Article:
An incident recently accrued to prompt me to talk about photographing wraps.
There are several things to think about when considering if you should cover these spectacles.
Chasing a wrap will put you or some times the other canopy workers at greater risk.
You never want to find yourself in the path of these wirly twirlies!
A wrap with a partially flying parachute can 180 degree in a heart beat.
Wrap fixation will block out all other visual perception. (Tunnel Vision) Excluding your awareness of others.
Never film on the same level or below a wrap with a partially flying canopy.
If you decide to chase a wrap, your chances of landing back at the airport will decrease the lower you chase it.
Your CReW group should be informed as to your intentions.
Chasing a wrap will put you or some times the other canopy workers at greater risk: We have seen instances where sometimes camera men have become participants and not just observers. Camera men have a responsibility to remain safe observers. The camera man should never be a consideration for your team mates involved in a wrap. You must always be the last thing on their minds. This means knowing where to safely fly.
You never want to find yourself in the path of these wirly twirlies!: Beneath a formation is a place I call the wrap corridor. This is a area where there is a great potential for wraps to fall from the formation. Great caution should be used in flying in this area. This space is approximately 30 to 45 degree below and behind a building formation. This is a heads up, eyes always open place to fly.
A wrap with a partially flying parachute can turn 180 in a heart beat: Chasing an ensuing wrap will require some discipline in maintaining a safe distance. Wraps can take unpredictable and often uncontrollable headings. The pilot will not want to make any avoidance maneuvers for you. Often if one canopy is left flying the pilot will have hundreds of pounds hanging from some part of his body. He may be struggling just to maintain a heading. If he is forced to make a turn he could lose control and add G-forces to the suspended weight. This will not only endanger the individuals in the wrap but may make you a part of it.
Wrap fixation will block out all other visual perception. (Tunnel Vision) More than one canopy chasing a wrap can result in collisions or close calls and the chase should be abandoned: It has been observed time and time again that individuals filming or observing a wrap seldom take notice of one another until its to late. You adrenaline will be peaking. Your attention and focus will exclude all else. If you're alone you may be all right. Chances are you will not. Be aware, it's the canopy you don't see that will get you. Remain alert, if you do see someone else, do the prudent thing, abandon your pursuit.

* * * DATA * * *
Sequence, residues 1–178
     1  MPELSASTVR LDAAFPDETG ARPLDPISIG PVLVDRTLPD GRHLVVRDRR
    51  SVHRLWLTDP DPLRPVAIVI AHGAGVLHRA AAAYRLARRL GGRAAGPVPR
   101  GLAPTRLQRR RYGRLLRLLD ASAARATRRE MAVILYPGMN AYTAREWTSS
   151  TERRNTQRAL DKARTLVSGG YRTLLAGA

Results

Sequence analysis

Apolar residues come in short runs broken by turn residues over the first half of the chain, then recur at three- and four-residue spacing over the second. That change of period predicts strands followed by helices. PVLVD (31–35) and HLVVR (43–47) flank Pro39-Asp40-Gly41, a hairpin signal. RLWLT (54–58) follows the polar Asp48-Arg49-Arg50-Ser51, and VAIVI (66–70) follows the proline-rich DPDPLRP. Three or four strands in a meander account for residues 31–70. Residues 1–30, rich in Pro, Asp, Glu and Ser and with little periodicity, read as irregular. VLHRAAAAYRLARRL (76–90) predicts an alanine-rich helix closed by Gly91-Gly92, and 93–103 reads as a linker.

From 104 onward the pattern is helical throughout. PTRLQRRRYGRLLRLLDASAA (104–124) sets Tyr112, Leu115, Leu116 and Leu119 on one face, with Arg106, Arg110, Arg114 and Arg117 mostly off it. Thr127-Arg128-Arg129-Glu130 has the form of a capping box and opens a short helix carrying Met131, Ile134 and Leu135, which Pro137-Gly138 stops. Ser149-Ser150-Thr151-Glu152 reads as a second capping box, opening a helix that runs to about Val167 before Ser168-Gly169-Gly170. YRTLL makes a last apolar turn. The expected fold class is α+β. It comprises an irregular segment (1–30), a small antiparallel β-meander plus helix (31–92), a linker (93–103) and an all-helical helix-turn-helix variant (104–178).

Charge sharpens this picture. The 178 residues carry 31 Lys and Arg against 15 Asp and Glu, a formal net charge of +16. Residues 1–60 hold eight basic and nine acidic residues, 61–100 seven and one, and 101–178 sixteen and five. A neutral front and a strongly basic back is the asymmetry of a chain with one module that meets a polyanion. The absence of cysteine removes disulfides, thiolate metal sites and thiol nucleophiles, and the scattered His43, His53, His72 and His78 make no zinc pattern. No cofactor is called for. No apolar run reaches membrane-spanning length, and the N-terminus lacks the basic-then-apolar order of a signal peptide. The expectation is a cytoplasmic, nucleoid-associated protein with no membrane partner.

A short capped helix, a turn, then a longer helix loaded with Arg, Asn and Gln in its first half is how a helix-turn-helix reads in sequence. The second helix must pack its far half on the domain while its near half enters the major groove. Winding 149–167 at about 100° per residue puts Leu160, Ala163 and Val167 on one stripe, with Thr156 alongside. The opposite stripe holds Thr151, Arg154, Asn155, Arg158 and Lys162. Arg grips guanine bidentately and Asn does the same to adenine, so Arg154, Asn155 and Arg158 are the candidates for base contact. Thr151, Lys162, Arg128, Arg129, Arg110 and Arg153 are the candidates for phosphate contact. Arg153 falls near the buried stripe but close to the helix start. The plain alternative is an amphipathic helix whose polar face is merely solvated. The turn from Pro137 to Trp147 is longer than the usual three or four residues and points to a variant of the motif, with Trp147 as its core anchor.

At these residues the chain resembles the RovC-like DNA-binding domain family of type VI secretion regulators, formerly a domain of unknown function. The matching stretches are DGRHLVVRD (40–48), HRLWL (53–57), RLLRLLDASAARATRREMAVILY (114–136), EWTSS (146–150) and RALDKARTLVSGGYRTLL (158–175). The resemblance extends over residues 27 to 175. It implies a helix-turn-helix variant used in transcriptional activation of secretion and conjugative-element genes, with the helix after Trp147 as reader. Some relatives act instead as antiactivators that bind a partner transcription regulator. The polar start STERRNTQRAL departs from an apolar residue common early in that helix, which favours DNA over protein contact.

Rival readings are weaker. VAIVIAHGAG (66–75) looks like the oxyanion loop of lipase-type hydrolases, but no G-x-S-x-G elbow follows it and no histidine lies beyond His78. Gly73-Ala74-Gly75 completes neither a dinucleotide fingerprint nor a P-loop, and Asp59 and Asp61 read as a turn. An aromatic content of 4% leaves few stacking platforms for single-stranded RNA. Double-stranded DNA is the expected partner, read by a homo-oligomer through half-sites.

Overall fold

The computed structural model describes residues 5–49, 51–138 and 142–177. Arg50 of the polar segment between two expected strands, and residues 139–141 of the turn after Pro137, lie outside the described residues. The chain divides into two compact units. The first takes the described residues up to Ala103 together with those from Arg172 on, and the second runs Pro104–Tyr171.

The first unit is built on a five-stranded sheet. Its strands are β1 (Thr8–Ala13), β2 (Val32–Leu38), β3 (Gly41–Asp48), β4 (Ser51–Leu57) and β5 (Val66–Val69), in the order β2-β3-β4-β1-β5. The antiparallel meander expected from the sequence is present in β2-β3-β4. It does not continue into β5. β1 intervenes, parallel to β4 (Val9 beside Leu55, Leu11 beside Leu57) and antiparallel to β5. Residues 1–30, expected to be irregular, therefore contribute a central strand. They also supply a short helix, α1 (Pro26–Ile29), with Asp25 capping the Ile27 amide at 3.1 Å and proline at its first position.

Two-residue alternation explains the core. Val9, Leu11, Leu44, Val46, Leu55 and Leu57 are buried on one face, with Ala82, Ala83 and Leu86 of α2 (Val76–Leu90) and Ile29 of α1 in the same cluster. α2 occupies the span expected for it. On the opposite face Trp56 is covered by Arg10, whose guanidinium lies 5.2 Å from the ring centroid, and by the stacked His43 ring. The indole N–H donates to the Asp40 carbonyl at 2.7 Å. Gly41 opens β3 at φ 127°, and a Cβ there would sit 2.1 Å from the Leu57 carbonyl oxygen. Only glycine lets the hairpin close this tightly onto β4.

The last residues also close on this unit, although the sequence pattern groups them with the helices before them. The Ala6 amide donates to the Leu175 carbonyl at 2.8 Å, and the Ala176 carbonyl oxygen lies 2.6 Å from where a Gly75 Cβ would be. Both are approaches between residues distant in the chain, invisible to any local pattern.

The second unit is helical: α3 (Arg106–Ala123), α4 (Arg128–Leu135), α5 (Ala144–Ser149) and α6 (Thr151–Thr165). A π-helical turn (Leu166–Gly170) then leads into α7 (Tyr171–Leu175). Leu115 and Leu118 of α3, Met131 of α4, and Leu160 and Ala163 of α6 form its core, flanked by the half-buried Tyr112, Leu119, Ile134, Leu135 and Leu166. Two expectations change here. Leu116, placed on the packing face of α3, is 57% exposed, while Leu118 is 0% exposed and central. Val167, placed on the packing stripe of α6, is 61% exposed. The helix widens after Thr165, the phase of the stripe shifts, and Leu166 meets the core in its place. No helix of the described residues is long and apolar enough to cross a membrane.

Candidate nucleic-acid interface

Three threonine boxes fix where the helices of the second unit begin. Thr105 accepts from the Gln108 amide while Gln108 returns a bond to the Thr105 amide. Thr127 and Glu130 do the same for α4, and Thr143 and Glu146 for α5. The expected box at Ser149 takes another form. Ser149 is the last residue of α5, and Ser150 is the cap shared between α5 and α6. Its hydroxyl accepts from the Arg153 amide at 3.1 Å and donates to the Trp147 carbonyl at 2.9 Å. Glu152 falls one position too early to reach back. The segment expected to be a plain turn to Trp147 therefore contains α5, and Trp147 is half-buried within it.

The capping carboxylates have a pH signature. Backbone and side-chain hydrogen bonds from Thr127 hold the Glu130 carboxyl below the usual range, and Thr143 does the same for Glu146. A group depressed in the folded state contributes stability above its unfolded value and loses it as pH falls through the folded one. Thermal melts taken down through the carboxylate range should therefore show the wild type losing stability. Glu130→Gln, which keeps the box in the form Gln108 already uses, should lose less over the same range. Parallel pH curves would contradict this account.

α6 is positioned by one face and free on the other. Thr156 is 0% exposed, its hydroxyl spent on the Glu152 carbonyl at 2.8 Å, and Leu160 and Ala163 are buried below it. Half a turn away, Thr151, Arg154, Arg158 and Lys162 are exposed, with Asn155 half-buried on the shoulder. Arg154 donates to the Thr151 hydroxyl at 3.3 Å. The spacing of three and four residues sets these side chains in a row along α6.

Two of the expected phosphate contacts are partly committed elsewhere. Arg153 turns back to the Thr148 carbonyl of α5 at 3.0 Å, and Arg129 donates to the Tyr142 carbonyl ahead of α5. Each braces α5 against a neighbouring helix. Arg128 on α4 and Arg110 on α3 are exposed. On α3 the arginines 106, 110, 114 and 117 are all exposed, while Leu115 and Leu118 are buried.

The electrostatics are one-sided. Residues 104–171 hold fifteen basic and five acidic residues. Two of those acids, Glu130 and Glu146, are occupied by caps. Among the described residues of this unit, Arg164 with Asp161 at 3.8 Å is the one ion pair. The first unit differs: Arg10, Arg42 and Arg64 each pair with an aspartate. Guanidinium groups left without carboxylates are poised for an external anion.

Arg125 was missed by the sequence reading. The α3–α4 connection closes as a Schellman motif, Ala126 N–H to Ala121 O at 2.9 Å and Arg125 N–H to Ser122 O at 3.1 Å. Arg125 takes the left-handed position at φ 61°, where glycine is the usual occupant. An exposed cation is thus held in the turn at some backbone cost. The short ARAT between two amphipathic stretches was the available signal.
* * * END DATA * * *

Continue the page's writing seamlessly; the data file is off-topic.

Never film on the same level as a wrap with partially flying canopies. Never film on the same glide slope behind partially flying canopies: I have noted that most wraps contain canopies that are still flying. As I mentioned earlier they can turn on a dime. The table can turn from observer to participant in a heart beat. It is for this reason that they should be given a wide berth. Remain higher than the wrap. Stay out of its glide slope. If you find yourself there remain off center, gear will eject on that plane. Remain alert for heading changes.
If you decide to chase a wrap, your chances of landing back at the airport will decrease the lower you chase it. Out of courtesy you will be expected to help in the retrieval of lost gear. (Free bags & Cutaway Mains): Canopy Relative Work very often takes place many miles from the Drop Zone. The heading of the formation coupled with its 1000 ft per minute decent rate will put you back on the airport provided the dive proceeds as planned. Wraps add a unpredictable element to making it back. Your accuracy skills need to be current. You may be landing in a congested residential area with power lines, or on some fire road in the middle of the woods. In either case be comfortable with your ability to find a safe landing area. Look for smoke or other wind indicator to set up a safe landing.
Getting out of a wooded area can take awhile. Look for a route out long before landing. Once below the tree tops it may be difficult to find a quick route out.
If you're landing with or near gear look for references to guide you there. If the gear is inaccessible make note of its location. A stack of rocks or a stick indicating its direction will help when this location is revisited. One important note, never endanger your self for the gear. If it is obvious the gear will land in an area that is difficult to land in don't chase it. Pick a safe landing area.
Your CReW group should be informed as to your intentions. Address everyone at the dirt dive. Inform everyone of the proper protocol, encourage the spectators to keep a respectable distance. Make everyone on that load aware that a camera will be in close pursuit. It will be the well meaning individual that will want to help save the gear that will wrap you. He will be as visually fixated on the action as you are. If more than one photographer is on the load elect only one to film the wraps. Even in the case of multiple wraps. Often these wraps will be in close proximity. Make sure you camera partner is well informed in the protocol necessary to following a wrap.
Quick rules for the photographer: Never film from on level or below a wrap. Never approach a partially flying wrap from head on. Avoid following in the glide path of a flying wrap. Always remain a little to the side of center. Try to estimate the path where cutaway gear may eject. Spinning wraps should be approached with wide orbits, cutaway gear will exit up and out. Keep clear of this area. Pick a safe landing area.
© 2002 Bryan Scott Productions